Fraught with the kind of tension that makes breathing difficult, this frighteningly eerie story of a middle-aged couple unable to cope with the loss of their own child has won numerous awards and is now available for the f... more »irst time on DVD. Myra (Kim Stanley, The Right Stuff) is a mentally unstable medium that believes if she kidnaps a child of wealthy parents, she can prove her psychic abilities by 'finding' the child. Award-winning performances from Stanley as the disturbed Myra and Richard Attenborough (Jurassic Park) as Billy the meek, apologetic husband combine with tension packed location shooting to make this mid-sixties thriller an enduring portrait of madness.« less
"Stunning film of the staged kidnapping of a child by a demented medium and her cuckolded, guilt-ridden husband. Beautifully photographed in b&W, the film has a grey, somber feel to it that illustrates the emptiness of the childless couple's lives. The plan is to kidnap the child then stage a seance to help "find" the child to further enhance the medium's reputation and career. The husband trembles with fright and guilt while the medium is convinced that this is the "answer". She is "guided" by Arthur---her "spirit" guide---that is actually the child they lost at birth as stillborn. ASTOUNDING performances by stage actress Kim Stanley and Richard Attenborough as the couple carry this film brilliantly to it's gripping conclusion. The subject matter is sensitive (especially today) but the film is a powerful masterwork of mood and psychological character study. I strongly recommend this for true cinema explorers. The DVD transfer is nice and crisp and the sound is clear. It's not for everyone---especially sensitive types---but it's still a must see for those who like engrossing and fascinating films that just don't come along that often. Filmed in 1964, it's as fresh and riveting now as it MUST have been back then. A true classic."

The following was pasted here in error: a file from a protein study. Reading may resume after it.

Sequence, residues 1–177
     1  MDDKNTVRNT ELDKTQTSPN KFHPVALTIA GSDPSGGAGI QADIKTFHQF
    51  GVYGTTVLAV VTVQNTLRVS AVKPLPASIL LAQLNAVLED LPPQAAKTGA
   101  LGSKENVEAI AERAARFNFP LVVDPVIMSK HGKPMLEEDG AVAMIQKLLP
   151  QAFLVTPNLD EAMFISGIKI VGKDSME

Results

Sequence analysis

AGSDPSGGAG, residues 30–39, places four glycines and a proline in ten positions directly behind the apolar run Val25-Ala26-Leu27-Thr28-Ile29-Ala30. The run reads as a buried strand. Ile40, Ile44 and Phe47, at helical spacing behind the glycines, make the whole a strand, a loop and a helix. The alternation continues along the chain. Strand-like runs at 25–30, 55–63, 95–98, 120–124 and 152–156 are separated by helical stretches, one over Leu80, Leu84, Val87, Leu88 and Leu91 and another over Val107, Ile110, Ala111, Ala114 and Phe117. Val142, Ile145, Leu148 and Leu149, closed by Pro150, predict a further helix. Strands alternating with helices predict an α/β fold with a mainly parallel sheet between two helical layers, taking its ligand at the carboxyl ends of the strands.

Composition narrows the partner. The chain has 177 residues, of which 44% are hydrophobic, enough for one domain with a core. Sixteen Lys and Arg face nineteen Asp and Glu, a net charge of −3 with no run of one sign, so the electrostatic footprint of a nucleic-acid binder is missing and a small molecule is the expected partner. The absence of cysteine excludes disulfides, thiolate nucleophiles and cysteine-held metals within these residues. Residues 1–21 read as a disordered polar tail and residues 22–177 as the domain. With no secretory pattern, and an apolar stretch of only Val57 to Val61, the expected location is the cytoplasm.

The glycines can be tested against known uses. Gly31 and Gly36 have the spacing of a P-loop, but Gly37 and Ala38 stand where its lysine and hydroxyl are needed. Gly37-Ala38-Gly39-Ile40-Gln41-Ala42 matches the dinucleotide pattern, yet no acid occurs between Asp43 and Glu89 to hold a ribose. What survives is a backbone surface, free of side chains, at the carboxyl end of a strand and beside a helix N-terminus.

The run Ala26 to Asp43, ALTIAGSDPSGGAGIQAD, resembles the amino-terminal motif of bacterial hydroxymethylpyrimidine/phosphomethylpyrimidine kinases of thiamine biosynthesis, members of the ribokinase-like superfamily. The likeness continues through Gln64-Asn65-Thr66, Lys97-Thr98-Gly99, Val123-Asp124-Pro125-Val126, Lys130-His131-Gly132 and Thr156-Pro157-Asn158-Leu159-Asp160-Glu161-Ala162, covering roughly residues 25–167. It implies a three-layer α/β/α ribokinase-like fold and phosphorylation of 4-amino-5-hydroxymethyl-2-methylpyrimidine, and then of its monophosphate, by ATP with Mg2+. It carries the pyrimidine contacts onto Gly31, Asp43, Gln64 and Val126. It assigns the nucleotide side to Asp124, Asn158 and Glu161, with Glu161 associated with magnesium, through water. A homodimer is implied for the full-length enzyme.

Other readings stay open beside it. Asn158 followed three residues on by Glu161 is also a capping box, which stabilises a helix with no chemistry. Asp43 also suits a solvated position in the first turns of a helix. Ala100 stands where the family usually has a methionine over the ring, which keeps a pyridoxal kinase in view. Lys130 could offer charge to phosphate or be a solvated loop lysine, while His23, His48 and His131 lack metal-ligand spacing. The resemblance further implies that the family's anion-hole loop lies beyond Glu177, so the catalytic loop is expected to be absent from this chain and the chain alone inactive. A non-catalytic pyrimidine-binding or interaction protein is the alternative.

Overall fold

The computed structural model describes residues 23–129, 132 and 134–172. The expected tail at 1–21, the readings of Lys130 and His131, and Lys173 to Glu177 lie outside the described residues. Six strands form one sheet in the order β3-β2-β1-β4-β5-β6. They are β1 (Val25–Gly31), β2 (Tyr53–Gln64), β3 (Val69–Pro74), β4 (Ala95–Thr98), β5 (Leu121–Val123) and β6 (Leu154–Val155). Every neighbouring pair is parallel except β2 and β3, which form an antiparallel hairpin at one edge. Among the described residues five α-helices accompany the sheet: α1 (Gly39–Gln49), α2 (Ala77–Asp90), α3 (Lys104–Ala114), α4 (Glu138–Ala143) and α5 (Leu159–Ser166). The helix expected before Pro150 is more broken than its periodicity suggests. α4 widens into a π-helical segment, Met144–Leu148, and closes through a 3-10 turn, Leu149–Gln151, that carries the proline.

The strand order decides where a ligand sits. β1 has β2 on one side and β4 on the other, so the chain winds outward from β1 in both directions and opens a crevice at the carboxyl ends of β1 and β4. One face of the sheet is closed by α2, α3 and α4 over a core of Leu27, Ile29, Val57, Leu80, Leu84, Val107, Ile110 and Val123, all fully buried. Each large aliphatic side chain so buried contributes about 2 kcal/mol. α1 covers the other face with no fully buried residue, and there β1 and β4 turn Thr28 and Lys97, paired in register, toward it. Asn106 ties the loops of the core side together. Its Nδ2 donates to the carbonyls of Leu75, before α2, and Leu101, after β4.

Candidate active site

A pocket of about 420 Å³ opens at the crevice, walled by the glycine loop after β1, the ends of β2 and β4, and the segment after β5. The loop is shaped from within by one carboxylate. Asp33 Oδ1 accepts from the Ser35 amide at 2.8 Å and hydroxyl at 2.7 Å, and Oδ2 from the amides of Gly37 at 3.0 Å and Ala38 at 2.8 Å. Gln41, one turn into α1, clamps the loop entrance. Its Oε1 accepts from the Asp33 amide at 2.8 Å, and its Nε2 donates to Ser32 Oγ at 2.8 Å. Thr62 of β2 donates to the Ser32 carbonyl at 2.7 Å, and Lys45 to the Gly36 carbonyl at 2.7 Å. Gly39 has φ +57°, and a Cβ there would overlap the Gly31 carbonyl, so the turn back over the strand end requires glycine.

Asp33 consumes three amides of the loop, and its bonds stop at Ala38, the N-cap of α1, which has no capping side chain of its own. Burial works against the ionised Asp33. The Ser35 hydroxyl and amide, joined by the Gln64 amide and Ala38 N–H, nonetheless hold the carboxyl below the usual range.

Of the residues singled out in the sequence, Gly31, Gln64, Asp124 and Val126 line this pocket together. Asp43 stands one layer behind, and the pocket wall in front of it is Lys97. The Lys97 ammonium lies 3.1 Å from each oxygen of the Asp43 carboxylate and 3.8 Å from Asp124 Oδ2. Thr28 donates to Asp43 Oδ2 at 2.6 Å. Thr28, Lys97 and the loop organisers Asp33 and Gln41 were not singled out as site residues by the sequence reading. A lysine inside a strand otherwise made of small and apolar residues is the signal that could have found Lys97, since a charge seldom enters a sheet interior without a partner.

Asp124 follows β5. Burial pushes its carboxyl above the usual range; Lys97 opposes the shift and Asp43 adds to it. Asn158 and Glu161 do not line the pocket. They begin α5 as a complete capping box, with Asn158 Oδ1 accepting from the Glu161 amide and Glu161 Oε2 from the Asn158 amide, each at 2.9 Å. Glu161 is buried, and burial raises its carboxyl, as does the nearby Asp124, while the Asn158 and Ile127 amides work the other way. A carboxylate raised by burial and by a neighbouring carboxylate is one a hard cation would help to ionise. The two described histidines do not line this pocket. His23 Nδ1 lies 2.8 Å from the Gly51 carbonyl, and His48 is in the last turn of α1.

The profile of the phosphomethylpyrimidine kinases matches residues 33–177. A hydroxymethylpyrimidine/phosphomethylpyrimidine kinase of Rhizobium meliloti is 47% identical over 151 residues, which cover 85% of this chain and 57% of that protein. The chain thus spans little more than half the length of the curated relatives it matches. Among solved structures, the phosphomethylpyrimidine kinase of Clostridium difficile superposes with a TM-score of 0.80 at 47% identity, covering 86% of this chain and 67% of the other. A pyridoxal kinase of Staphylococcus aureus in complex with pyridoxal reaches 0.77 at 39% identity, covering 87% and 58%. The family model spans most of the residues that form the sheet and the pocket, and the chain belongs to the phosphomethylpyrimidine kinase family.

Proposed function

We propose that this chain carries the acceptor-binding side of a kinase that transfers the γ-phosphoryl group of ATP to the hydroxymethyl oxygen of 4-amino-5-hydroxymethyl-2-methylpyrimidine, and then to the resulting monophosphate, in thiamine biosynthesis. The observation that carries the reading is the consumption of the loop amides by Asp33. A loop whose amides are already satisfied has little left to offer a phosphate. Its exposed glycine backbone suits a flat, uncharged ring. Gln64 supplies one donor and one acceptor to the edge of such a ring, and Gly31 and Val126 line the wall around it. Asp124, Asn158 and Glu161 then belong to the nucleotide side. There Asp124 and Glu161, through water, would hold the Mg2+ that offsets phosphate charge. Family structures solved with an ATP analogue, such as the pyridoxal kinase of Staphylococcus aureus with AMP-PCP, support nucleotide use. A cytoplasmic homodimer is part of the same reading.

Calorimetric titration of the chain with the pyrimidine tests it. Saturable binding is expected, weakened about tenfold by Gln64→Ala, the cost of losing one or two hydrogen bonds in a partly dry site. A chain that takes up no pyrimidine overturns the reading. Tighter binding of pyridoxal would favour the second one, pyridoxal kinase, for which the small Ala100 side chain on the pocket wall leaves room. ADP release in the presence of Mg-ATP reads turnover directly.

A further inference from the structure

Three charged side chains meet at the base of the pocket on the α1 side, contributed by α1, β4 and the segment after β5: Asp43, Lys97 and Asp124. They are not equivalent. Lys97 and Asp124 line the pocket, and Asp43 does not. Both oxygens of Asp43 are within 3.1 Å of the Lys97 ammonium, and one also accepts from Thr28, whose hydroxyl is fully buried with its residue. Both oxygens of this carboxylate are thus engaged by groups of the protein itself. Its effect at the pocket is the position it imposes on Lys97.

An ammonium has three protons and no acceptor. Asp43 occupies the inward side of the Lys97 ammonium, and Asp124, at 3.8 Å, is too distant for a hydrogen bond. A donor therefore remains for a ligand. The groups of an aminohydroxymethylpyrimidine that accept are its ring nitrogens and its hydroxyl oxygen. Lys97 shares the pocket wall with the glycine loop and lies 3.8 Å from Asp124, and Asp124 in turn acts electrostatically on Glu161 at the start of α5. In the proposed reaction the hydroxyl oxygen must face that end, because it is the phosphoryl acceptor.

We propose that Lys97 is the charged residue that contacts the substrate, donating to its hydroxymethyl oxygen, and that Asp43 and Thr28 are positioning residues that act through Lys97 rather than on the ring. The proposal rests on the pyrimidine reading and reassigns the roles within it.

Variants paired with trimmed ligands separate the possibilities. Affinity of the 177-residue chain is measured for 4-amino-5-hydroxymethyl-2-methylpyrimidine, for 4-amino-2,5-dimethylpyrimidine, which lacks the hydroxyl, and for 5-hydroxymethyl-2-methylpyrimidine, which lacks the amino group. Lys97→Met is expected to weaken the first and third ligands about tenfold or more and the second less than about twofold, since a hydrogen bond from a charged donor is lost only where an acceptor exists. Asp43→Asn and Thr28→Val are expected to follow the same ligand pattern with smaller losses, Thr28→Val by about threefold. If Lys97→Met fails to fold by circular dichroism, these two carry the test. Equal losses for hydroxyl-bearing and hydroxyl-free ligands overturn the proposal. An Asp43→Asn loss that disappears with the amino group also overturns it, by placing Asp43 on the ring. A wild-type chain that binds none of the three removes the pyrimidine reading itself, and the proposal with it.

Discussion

Greatest Film Performance to Date
David B. Franklin | Young Harris, GA United States | 11/07/2003
(5 out of 5 stars)
"I have seen well over a thousand films--including all the most critically acclaimed--but I have yet to see a film performance equalling Kim Stanley's in Seance on a Wet Afternoon. It is truly compelling and to highlight all the other many attributes of the film would detract from what is Stanley's astounding achievement. And just to think that Julie Andrews in Mary Poppins won the Academy Award over Stanley should give everyone pause to assess the real meaning of "Oscar". What more can be said?"